The range of cancer caused by HPV in women goes from vaginal, vulvar, cervical, to other cancer types. It can even cause common and genital warts in females.
More than 150 viruses make up the human papillomavirus (HPV) and both men and women get affected by it. While some HPV types lead to common skin warts, others can cause some types of cancer, and some can cause genital warts.
HPV is the primary culprit of so many cases of cervical cancer in women. Not only that, but this infection can also cause anal, vaginal, vulvar, and oropharyngeal cancer (cancer found on the sides and back of the throat, tonsils, and base of the tongue).
Sometimes, all HPV types are without symptoms, and it can live in the body for years without causing any harm, or the immune system can clear it off after several months.
Bear in mind that persons infected with HPV and are asymptomatic can pass the infection to others, and you can get infected from an asymptomatic HPV-infected person.
The prevalence of sexually transmitted HPV in women
Report from the CDC (Centre for Disease Control and Prevention), shows that above 40 types of HPV can lead to infection in the genital area and other mucous membranes. These HPV types spread via close skin-to-skin contact. Other modes of transmission are vaginal, oral, and anal sex.
At some point in life, almost all sexually active males and females will contract HPV. This makes it the most common STD.
Symptoms of genital warts in women
An estimated 90% of genital warts (condylomaacuminata) are caused by HPV types 6 and 11.
Women can have genital warts in the following areas:
· Inside the vagina
· Inside or around the anus
· On the cervix
· On the upper thighs
· Around the vulva (vagina opening)
· In the throat, tongue, lips, and mouth
These warts are flesh-coloured or pink in colour. They are often not so visible.
Genital warts might be painful, itchy, or tender, or it may:
· Be flat or raised
· Grow in clusters, resembling a cauliflower
· Show up weeks to months after getting infected with HPV
It's rare for genital warts to cause vaginal discharge, anal or vaginal bleeding.
Pap and HPV tests for cervical cancer
Women get various types of cancer from a persistent infection combined with some HPV types.Research reveals that almost all cases of cervical cancer are triggered by HPV, and 70% of HPV-related cervical cancer are linked mainly to HPV types 16 and 18.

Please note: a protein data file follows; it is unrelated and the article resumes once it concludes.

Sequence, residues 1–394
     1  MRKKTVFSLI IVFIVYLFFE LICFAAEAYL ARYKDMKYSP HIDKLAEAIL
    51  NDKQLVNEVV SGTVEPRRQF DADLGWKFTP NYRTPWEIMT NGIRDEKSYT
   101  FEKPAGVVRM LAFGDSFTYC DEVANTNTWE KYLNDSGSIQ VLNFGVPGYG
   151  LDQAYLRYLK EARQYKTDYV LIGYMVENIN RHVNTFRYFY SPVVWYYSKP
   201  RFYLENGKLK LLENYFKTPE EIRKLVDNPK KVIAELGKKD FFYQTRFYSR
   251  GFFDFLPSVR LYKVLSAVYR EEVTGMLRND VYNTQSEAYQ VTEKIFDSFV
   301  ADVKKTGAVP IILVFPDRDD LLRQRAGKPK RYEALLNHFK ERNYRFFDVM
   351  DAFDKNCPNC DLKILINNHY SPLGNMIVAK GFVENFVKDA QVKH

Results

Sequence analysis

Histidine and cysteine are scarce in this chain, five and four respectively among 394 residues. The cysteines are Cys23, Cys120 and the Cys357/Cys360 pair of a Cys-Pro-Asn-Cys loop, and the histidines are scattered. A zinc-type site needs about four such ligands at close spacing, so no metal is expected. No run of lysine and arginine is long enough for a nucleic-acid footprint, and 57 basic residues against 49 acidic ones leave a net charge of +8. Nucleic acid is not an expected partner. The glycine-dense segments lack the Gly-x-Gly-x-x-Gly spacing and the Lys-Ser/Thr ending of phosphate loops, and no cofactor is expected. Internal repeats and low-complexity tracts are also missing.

Pap smear or Pap test is the usual method of diagnosing the presence of unusual cells in the cervix (cervical dysplasia). It involves the analysis of a cervical swab.
Although cervical dysplasia isn't cancer, in some cases, it can develop into cancer.The severity of cervical dysplasia will determine if follow-up care is needed. Mild cases of dysplasia will require a repeat test after a year to check if the dysplasia has become worse or disappeared by itself. Severe cases of dysplasia need a procedure to take out abnormal cells.
A more recent test known as the HPV test diagnoses the presence of the virus in cervical cells, rather than changes in cell appearance.
It is recommended that women between 21 to 29 years go for a Pap test every 3 years anHPVtest. The reason is that HPV commonly affects females within this age bracket. In addition, any abnormal Pap test result may require an HPV test.
Again, it is recommended that women between 30 to 65 years get an HPV test plus Pap test every 5 years, or opt for only Pap test every 3 years. These recommendations are subject to change since some research reveals that getting an HPV test with a corresponding Pap test is just as effective at identifying precancers as doing both tests simultaneously.